Over the past few decades, the PAP government has adopted a policy of replacing the top person in a government agency every few years and appointing another person, usually a scholar or an ex army general, without any relevant experience to head that agency. They believe that the new person will be able to manage the work of the agency without the need for experience.
This change of the top leader is usually accompanied by a change of people at the second level. The new leader brings in people that had worked with him previously and use them to replace the senior and experienced people who had worked many years in the agency.
Like the top leader, the new people who were brought into the agency did not have experience in the work of that agency. After the more experiened people had left the agency, the agency is largely devoid of the past experience.
I find this policy to be a bad policy and contributed significantly to the deterioration in the standard of our public service.
I wish to share this anecdote about the importance of having experienced people in any organisation.
Recently, the air conditioner in my office had technical issues. It keeps tripping and shutting off. I called my regular air con maintenance contractor to fix the problem. The contractor had lost an experienced technician recently and had to rely on outsourced workers.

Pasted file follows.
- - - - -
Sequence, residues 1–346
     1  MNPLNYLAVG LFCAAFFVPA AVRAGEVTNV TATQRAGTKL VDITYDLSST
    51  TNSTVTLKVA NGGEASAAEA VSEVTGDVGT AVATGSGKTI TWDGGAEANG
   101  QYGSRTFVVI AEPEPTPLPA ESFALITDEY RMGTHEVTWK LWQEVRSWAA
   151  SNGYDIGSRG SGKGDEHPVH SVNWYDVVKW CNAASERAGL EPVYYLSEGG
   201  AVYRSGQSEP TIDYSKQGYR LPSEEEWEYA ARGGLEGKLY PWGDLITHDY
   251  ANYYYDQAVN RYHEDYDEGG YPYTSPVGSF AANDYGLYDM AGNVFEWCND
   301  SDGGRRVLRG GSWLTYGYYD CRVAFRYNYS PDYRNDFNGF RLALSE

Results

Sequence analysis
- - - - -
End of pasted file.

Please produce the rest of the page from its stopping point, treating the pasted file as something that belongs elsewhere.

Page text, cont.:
The outsource technician, who was relatively young and probably better educated, came several times to replace one part after another, but the problem keep recurring every few days. They finally recommended that the air con unit be changed. The cost was over $3,000. I found it too expensive, as the unit was still quite new.
I found another air con technician to look at the problem. He was an older person, perhaps not so well educated, but quite experienced. As the air con was still pushing out cold air, he knew that there was nothing wrong with it. He found that the hole which allowed the excess water to seep out had been blocked. This caused the water level in the container to rise and activated the shut off device of the unit. It happed every few days.
He removed the blockage and charged me $100 for the service. It solved the problem. The problem did not recur.
PROBLEMS IN OUR PUBLIC AGENCIES
If our public agencies had retained experienced people, I believe that the following problems could have been prevented or minimized:
1. Breakdown in our MRT trains
2. Failure of the Police in managing the riot in Little India
3. The award of the tender of a temple to a commercial company to build a columbarium
4. The inability of the Monetary Authority to deal with investment scams.
While there is merit in renewing the leadership in our public agencies, it should be done without lossing the valuable years of experience and knowledge of the older and experienced people in the agency.
A good approach is to get the scholar or ex army general to enter the agency to learn the working and the people in the agency and to appoint them into the top position after five years. They should not be appointed into the top position immediately.
Tan Kin Lian